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Stories & Poems

Do you have an original story, poem or essay you would like to have posted here?  If so, Contact Us

Short Stories & Poems

A Haiku

A Poem

City Life

The Power Of One


Coming Home

Wild Thing

Firstman And Firstwoman

Iktomi's Blanket

Iktomi And The Ducks

Iktomi And The Coyote

Iktomi And The Muskrat

The Badger And The Bear

Iktomi And The Fawn

Shooting Of The Red Eagle

The Tree-Bound

Dance In A Buffalo Skull

Iktomi And The Turtle

Iya, The Camp Eater

The Toad And The Boy

The Warlike Seven

Manstin, The Rabbit



The Wolf

Warrior's of the Rainbow

I'm Still Alive


The Wolf

Written by Laurel Santiago

While on a quiet winter's journey, I heard the cry of Wolf.
I turned around in my surprise, to see her in my sights.
I said to her, "How do you do?"
She said, "I do just fine."
Then turned her head unto the moon, and so resumed her cry.
I said to her, "Why do you cry?"
She said, "I cry for you dear one."
I fell to my knees, raised my hands to the sky,
And proceeded to ask her why.
"For all of the tears you've never let fall, for all of your sorrow and pride.
For all of your loves and your hates, and your fears, for all of your unsaid
All at once, she turned to me.............then turned once more to the moon.
I reached out to touch her and then she was gone.
She had left me way too soon.
I lifted my pack, and searched for the trail, covered with newfallen snow.
I thanked Mother Earth for this new lesson learned,
Then began to find my way home.

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Written by Lisa Lafferty

Driving around at 3:00 AM
I can't sleep
Demons keep me awake, ghosts surround me, haunt me
So I drive
Drive away from the demons
Drive away from the ghosts of my past, present, and future
Sometimes, I want to drive forever
But there is not enough of this world to do so
And I know, I know, I know
The demons are right behind me
The ghosts are there beside me
Still, at 3:00 AM I drive
With no destination
Maybe there is a destination and I just haven't found it
Still, I drive
I see a man standing on a street corner
No, I see a man leaning against a light pole on a street corner
The dim illumination of the street light reveals to me he is Indian
But that is not what is important
What I really notice, what I see, is myself
Not because he is Indian
I can see his demons, his ghosts that chase him
I drive around the block, once, twice, three times
He is still standing there
I pull up beside him and offer him a ride
My kindred spirit, we are both haunted and chased
He steps up to the car and studies my face, my eyes, my blue eyes
He sees the demons that haunt me
Without any words he climbs into the passenger seat
The smell of alcohol seeping from his skin tells me he chases away his
demons with a bottle
When the bottle is empty the demons are still there
I know, I've tried that form of escape too
"Where do you want to go?' I ask him
"To the rez," he says out loud
"Take me away, to a place where the demons that chase me can't find me."
he says without words
Or was that me saying those words without speaking
I look at him closely and realize that it was both of us saying those
silent words
Sometimes, more is spoken in silence
I wanted to rescue him from his demons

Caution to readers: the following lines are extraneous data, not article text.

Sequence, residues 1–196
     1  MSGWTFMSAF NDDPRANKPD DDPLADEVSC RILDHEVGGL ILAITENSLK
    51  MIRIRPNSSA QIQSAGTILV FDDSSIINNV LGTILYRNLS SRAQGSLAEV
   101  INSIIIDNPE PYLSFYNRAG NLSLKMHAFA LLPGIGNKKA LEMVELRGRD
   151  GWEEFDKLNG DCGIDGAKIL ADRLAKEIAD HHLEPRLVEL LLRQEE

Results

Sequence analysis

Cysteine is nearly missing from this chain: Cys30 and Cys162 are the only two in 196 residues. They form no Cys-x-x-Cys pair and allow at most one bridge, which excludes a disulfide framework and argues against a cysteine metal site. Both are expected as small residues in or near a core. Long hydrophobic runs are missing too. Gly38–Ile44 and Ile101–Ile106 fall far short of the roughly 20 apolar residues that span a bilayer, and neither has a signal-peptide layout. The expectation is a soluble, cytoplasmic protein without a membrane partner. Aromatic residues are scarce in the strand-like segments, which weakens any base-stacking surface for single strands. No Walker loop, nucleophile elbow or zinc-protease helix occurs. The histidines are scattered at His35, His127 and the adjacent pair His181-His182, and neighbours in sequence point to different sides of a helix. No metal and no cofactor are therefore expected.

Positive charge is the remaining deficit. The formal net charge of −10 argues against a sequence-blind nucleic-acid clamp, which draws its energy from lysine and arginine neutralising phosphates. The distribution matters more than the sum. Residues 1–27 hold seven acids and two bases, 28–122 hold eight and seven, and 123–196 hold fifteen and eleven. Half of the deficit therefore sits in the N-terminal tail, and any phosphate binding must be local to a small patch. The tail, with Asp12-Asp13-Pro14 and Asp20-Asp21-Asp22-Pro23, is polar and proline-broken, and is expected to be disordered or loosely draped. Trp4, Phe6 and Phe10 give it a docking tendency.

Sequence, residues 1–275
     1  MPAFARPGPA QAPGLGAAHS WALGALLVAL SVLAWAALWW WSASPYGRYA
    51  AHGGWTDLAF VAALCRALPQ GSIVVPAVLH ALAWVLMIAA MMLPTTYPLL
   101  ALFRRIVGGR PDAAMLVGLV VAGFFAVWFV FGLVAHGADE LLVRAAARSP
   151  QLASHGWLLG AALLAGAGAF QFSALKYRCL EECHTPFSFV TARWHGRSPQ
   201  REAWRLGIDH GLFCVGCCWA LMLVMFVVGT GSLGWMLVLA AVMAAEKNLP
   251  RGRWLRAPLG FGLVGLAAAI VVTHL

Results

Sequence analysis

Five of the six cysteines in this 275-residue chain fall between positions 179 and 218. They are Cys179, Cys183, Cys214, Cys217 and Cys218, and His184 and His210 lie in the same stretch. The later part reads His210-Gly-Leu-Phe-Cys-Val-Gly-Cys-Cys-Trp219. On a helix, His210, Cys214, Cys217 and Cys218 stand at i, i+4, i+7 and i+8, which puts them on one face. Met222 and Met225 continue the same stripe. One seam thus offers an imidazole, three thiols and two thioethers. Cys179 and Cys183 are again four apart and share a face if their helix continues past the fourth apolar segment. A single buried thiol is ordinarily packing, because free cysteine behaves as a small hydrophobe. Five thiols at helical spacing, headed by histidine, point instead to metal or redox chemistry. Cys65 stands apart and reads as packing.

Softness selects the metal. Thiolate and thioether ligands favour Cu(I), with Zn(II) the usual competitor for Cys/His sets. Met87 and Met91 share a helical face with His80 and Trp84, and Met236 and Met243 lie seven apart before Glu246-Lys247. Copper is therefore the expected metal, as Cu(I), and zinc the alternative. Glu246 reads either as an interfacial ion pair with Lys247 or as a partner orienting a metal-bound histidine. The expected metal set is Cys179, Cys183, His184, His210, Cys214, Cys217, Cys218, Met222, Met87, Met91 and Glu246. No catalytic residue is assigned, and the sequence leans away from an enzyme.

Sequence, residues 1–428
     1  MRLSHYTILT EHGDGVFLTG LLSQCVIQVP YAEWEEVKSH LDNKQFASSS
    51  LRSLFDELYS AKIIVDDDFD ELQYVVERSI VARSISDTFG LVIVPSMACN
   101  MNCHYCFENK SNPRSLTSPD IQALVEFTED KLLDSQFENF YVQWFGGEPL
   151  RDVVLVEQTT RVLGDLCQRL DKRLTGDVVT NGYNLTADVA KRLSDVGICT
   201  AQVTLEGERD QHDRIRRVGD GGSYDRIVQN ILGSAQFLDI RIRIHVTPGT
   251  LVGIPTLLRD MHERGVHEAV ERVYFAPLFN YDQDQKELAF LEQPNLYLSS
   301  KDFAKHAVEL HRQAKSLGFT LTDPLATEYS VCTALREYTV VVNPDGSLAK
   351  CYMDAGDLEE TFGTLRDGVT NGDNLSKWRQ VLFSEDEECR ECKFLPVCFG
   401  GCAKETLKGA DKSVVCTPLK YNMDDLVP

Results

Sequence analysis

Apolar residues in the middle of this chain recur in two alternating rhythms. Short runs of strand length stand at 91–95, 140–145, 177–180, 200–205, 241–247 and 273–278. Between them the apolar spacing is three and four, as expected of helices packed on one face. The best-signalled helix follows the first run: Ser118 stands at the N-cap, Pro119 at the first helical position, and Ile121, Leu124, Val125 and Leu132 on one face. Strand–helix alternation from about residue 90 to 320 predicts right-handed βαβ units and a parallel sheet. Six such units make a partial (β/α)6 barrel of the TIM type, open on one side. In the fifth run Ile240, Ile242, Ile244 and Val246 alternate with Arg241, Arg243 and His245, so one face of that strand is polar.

No, I wanted him to rescue me
I drive him out to the rez
He reaches across and places his hand on my hand
I curl my fingers around his hand
And I hold on, hold on, hold on
And he holds on, holds on, holds on
Our demons, our ghosts surround us
But our unity pushes them away
We have created a barrier with a simple gesture
A powerful gesture
He asks me if I am Lummi
"No," I say, "I am not Lummi."
Our hands still touch, we still hold on
"No," I say, "I am a blue-eyed Indian."
"Mixed blood?" he asks
"Mixed up." I answer
He tightens his grip around my hand.
"Blue-eyes," he says, "yet their is pain and sadness in them that only
Indians know."
I look into his brown eyes and see this pain and sadness, I recognize it
Pain and sadness, pain and sadness
Is this the meaning of "being" Indian?
No, it's just a side-effect
Blue-eyed Indian
Brown-eyed Indian
Full blood
Mixed blood
I drop him off at a friend's house on the rez
Our hands separate
We separate
Alone again, with our demons that haunt us both
I never see him again
Did he finally escape his demons?
Is he still being chased?
Is he still running?
I think of him and want to reach out and hold on to his hand
I want him to hold mine
Hold on, hold on, hold on
So I reach out through time and distance and I hold on

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A Poem

Written by Claire (August 31, 2000)

The night sky with stars
Surf along the rocky coast
Wind in the pine boughs

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A Haiku

Written by Claire

A cup of water
with a friend is better than
A feast alone

(This poem is in haiku style, that is five syllables first line, seven syllables second line and five syllables third line. But the theme is native american do you agree?)

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The Power Of One

Written by Neshwa Pawithe ( Two Doves ) Upper Kispoko Sept, Shawnee

One is, one is all, one is human, one is the call.

One is, one is creation, one is nature, one is the vibration.

One is, one is higher, one is within, one is the fire.

One is, one is the guide, one is born, one has not died.

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A poem by myladyssong

i sit here and listen to the planes fly by
as the trucks go past the house
they are spraying insecticides
to kill the mosquitos endangering lives
i hear of the fires consuming the forests
the earthquakes, the floods
the earth is angry no one has listened
the people have warned us
of the impending dangers
our mother wants us to listen
and she roars
for her children aren't respecting her
and she is sick very sick
she needs her children to love her again
to appreciate her again
so she can nurture us and love us as she
has in the past
she needs for us to know her and love her
or she will soon just let go
i cry for her for alone i am not enough
i reach out for my brothers and sisters
who are not listening
taking from the earth giving nothing back
taking for granted the homes / the water / the air